1. Hello Aunt Jackie! I stumbled upon this as well. What a treat! And even more thrilled that I see your name here.

      So for other “stumble upon” folks. I am the daughter of the first born son of the Mondry 14. I spent many a summer in the fields of my Uncle’s farm (son #5), with my cousins and my dad, just a stone’s throw from this elevator. Going up and down those long straight roads, inhaling the life of growing crops coming from the rich earth in the summer sun and vast skies of North Dakota. The elevator was my beckon for knowing I had arrived – and that I was going in the right direction, being a Colorado girl and using the mountains as directional guides… One needs a landmark, shall we say?

      This building has always fascinated me. Its a landmark with quite a rich story, indeed. Talk about paying it forward! This page has done that very thing, ten-fold. Thank you for this!


    2. Hi Jackie! My name is Irma, I live in Houston, Texas, my last name was Cantu when I lived in North Dakota! My sisters and I we worked for your dad, Leo Mondry in the 60’s. We worked during potato harvesting. Your dad used to drive a big Lincoln, wore a thin moustache like Howard Hughes, I will never forget his little hat! He was a sweet man. I remember he had a big family. I knew John, Joel, Jay, knew a handful of them, but cannot recall their names. It’s been so long ago. I remember it would get COLD, we worked from sun up till dark! I do not regret them days, sooooo different from what we have now! Hope you get to read my post.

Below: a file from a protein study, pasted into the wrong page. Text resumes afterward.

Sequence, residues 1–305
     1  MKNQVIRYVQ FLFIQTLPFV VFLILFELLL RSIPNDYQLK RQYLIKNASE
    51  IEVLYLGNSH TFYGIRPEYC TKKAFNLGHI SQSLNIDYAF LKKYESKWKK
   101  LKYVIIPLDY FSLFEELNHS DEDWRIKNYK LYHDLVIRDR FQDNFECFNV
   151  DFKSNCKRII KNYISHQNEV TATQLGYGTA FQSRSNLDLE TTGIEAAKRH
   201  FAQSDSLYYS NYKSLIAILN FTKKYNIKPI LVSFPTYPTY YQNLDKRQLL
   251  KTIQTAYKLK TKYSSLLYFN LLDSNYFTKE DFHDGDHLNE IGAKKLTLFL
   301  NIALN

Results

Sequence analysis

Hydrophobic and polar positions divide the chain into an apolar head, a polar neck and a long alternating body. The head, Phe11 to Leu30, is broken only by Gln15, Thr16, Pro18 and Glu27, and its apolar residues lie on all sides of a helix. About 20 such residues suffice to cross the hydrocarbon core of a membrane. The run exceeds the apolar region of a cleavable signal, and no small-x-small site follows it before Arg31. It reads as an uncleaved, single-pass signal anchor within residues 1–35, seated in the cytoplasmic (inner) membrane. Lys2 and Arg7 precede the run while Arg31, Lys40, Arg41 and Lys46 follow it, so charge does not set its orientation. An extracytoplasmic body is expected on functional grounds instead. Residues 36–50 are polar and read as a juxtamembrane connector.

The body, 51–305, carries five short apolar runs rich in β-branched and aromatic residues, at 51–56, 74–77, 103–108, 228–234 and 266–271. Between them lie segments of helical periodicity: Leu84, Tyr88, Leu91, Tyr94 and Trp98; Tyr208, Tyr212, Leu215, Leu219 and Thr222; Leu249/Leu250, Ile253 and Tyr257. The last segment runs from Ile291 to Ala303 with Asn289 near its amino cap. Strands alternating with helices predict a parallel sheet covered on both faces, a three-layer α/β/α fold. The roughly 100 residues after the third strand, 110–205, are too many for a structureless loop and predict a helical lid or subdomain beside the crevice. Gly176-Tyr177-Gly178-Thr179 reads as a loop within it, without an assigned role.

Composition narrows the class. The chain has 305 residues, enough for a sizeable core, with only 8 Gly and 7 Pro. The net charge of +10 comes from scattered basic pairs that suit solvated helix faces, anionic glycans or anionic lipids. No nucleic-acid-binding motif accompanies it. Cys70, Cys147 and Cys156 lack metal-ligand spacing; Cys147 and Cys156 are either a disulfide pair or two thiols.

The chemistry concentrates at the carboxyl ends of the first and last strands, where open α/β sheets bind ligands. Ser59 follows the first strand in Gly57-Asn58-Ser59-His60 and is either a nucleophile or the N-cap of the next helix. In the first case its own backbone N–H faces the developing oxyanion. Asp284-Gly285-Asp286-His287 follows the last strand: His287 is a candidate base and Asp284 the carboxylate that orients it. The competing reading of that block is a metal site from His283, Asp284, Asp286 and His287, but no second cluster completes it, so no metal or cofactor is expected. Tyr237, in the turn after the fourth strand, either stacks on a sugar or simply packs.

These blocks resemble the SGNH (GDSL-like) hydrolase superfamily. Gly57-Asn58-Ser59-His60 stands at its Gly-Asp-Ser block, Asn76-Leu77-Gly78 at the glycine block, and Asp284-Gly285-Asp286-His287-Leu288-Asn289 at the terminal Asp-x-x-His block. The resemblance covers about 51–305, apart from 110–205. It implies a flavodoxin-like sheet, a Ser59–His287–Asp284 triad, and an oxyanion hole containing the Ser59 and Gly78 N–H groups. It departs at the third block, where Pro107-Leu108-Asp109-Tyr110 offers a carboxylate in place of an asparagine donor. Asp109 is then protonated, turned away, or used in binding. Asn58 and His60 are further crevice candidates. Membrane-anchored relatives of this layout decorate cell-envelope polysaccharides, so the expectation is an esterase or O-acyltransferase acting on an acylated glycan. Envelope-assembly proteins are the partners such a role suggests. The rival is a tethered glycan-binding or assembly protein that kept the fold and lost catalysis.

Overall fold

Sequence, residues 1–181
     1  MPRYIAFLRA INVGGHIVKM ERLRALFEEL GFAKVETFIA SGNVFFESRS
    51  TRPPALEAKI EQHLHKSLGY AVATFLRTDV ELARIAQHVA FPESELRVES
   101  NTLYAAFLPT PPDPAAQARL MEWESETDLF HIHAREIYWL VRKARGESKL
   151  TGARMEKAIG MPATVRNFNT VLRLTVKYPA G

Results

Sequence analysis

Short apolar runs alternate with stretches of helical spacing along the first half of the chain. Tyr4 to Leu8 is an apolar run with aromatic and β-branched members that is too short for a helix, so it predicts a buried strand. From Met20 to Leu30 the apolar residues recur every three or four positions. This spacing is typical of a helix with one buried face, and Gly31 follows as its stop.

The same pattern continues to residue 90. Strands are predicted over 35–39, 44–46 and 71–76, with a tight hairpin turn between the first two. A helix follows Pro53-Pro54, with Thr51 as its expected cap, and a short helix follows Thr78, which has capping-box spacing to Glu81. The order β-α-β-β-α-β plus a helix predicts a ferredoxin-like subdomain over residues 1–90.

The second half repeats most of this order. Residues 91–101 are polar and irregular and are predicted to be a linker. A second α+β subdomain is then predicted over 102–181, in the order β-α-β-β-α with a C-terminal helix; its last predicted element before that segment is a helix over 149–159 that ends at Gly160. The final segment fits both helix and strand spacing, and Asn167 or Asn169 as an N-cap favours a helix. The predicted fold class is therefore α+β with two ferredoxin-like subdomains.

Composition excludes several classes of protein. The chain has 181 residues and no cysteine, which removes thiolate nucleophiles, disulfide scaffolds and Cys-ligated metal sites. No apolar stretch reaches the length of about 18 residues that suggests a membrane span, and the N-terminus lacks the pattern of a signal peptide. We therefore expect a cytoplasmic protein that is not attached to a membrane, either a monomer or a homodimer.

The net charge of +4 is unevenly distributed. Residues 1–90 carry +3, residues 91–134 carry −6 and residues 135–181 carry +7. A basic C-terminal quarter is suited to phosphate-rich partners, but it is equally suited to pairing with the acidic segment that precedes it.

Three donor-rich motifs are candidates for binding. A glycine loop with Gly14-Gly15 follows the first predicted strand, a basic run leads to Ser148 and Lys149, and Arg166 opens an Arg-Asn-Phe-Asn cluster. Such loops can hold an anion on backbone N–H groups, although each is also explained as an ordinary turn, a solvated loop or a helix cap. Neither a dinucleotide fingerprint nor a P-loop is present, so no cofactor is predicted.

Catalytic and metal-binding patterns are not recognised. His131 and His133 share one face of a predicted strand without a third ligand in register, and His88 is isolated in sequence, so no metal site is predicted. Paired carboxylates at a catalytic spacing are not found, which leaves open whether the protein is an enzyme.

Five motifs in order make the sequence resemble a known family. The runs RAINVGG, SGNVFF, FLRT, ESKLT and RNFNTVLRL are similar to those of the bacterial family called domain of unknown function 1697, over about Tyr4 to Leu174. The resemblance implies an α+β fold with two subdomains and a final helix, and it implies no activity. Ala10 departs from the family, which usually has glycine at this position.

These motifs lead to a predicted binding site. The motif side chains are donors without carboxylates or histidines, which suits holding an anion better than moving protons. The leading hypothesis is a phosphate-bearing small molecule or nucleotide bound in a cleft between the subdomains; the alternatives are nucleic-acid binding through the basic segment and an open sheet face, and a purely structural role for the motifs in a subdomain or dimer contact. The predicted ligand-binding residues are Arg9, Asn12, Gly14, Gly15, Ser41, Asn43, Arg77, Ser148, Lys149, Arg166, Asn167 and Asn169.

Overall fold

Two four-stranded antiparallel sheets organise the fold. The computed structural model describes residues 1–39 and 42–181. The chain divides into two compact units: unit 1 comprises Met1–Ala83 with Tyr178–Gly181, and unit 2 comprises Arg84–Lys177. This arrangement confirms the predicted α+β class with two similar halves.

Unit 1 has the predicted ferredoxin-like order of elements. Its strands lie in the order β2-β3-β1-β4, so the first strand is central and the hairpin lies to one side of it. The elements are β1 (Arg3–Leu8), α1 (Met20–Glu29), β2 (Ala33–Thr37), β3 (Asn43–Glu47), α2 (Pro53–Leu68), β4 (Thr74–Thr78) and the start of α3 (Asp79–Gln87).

3. Do you know who built the elevator? My Dad built elevators in the Dakotas for Hogenson Construction and was curious if it was one he worked on.


  3. My grandfather I migrated to Ardoch from Poland in 1890, bought 40
    acres, took out a loan and sent for my great grandmother and grandfather who was only 3 at the time.


  4. I became aware of these photos recently. In April of 2020. Leo mondry was my father and in the summers of 1958 1959 and 1960 while I was on vacation from college I was assigned as assistant manager at the elevator. I have many memories of my time at the elevator and I still remember many of the patrons of the elevator, most of them if not all of them are deceased.


  5. I remember going from Grand Forks to Conway ND where we lived on Family farm and seeing the elevator which was so tall compared to everything out there in the countryside. I went to St. James H. School w/ Joyce, Jane, June and Judd Mondry. Their family home was so much fun to visit because of all the family activity there – even making school lunches in the morning was an adventure to me w/ the 13 Mondry children. This last year when June died I wrote about how much I enjoyed being there and got a thank you from her daughter. It’s great to see the notes from fellow N. Dakotans – I now live in CA, but have great memories of N. Dakota.
    DeAnne (Nasinec) Mahlum


  6. My family still lives in Ardoch ND…As a Child we were always told to stay away from the Mondry Elevator but alot of times we wouldnt listen and try and seek up into the building but there were always strange noises before we would entire we would run back across the street. im guessing strange noises duh to the building to old …